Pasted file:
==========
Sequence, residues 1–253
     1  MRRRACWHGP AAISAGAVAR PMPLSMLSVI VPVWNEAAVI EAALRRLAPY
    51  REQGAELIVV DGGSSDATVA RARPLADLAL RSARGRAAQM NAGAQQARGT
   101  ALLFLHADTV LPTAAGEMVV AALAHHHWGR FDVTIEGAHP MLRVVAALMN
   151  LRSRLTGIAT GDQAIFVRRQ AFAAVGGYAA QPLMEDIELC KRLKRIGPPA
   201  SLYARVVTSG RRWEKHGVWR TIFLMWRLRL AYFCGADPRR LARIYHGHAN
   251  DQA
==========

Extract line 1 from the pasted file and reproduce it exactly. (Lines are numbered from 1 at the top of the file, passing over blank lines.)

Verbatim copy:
Sequence, residues 1–253